Thursday 8 September 2011

I wish that you could change their minds.

I tell myself that if I brought them to you - the people who suggested these dangerous bills, those who supported them blindly, or with conviction, or against their better judgement, those who had the chance to stand up and say "no", and didn't even show - I tell myself that if I brought them to you, they would change their minds.

You would invite us into your cubicle, and I would draw the NHS-special-issue sound-proof curtains around us. When we were sitting around your bed, I would help you to lift the oxygen mask, and you would tell them what they're doing.

I tell myself that we could explain it to them, and that they would get it, and it would all be alright. But they know. They know exactly what they are doing, and they don't care. Either that or they're in such Westminster denial that they actually believe the stories they spin themselves. Why would they listen to your story when they've ignored everyone else's?

With tears in your eyes you would repeat the stories you've told me - about your care hours being reduced (because the cuts aren't looming in the distance - they're already happening). I will hold your hand as you tell them that your husband can't cope, that he is grey with worry and not able to sleep.

They will say "what about a nursing home?", "how would I pay?" you reply, "and tell me one in my area that would have space for me". (It would have to be close to home, or else you would be trapped there, with no visitors.) They make it sound so easy - they have no idea of the paperwork, and the pleading, and the postcode lottery that can be involved in accessing appropriate care. And being in residential care in your 30s is no easy solution, especially given the standards of 'care' so many receive.

You tell them about the neurologist who diagnosed you, finally, after you were messed around and ignored by so many doctors. She listens to you, she has known you for years, and she has become an expert in your condition and the ways it affects you. One of your biggest fears is that you won't be able to see her any more, that instead you will become a patient of T*sco's own brand neurology. I wish that I could tell you that this would never happen, but it doesn't sound so far-fetched these days.

Your voice steady, you tell them that if your benefits are cut you will kill yourself, that you are both in debt, barely scraping by, and that you would have no other option. You ask them not to take away the little dignity they have left you with - the ability to (barely) feed and clothe yourselves, to keep a roof over your heads.

They will tell you that you'll be fine - that you have "nothing to fear". If I brought them to you, and you told them your story they would say "No, you've got it wrong - it's not you the cuts target, it's the others. We're making the benefits system easier to navigate for you, we're sending the fakers, the manipulators, the scroungers back to work so we have more money to spend on you. We're making healthcare competitive so that they have more incentive to treat you well."

Before we can even process how deluded these people are by their own rhetoric, a camera flashes in your face (the photos will appear on the news websites later - you surrounded by smiling politicians) and they are gone.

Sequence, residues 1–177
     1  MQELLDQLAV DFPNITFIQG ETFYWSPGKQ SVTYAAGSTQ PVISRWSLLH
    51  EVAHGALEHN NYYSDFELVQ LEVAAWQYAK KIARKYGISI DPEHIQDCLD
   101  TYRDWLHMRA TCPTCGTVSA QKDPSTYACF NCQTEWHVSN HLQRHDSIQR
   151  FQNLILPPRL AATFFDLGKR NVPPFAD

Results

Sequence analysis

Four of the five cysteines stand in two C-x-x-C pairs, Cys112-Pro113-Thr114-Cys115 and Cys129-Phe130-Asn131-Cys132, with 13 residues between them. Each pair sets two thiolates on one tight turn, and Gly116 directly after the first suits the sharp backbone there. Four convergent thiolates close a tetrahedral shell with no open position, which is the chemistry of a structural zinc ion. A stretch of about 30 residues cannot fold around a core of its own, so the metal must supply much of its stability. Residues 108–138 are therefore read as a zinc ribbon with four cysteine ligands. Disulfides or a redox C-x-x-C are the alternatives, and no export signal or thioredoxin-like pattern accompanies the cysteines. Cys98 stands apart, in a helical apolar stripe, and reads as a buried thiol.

[The 'patient' is an anonymised composite, but the stories and fears are very real. The HofL's 2nd reading of the welfare reform bill is very soon. Use this template to write to them, and/or keep an eye out for a Hardest Hit action near you if you're able to participate.]


  1. I I love this!! Please can I cross post it on

  2. Excellent, from rhetoric to reality. Glad I found this, thanks to Sue above and Twitter!

  3. I am in tears because what you say is true, they dont listen, they dont care and the innocent are suffering. Oh for justice in our nation.

  4. @Sue yes, of course

    Thanks everyone for your comments =)

  5. <3 I have tears...I wish they would listen to this...

  6. This is brilliant. Thank you. :-)

  7. I was also a medical student for five years. I have Tourette Syndrome and was treated in an appalling manner by my medical school during my final year. I had done very well throughout, passing all my clinical rotations etc. Due to the 'bullying' I received from senior medical school staff (I was denied any accommodations, support or adjustments also and put through Fitness to Practice just 1 month before my finals) I couldn't believe what they did to me. Some of the comments made by staff were highly prejudicial and also very offensive. I am now unemployed and would not return again to the medical school under any circumstances. I have wasted five years of my life working hard for nothing. I made an official complaint against the university which was upheld and severe criticism was levelled at the conduct of the medical school staff. It was found that both the DDA and GMC regulations on equality had been violated. However I have received no compensation and am now in severe debt. (Tweet: @phoebewonderlan)

  8. thanks for putting into words what so many want to say

  9. Thank you for giving a voice to people like me so eloquantly, It is a very scary place finding myself living within this mess of a system. If every voice is joined together and acted upon we have a chance of at least mitigating the worst of the plans.